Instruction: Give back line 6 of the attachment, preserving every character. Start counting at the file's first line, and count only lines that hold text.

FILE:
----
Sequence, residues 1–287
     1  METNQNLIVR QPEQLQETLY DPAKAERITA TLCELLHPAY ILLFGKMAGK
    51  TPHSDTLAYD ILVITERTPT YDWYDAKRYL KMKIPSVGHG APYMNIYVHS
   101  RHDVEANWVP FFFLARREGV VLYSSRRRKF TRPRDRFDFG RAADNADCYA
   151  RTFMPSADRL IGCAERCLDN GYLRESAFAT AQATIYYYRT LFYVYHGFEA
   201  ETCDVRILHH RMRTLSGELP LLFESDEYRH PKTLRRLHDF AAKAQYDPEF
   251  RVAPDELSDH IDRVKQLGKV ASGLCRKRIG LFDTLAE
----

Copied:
   201  ETCDVRILHH RMRTLSGELP LLFESDEYRH PKTLRRLHDF AAKAQYDPEF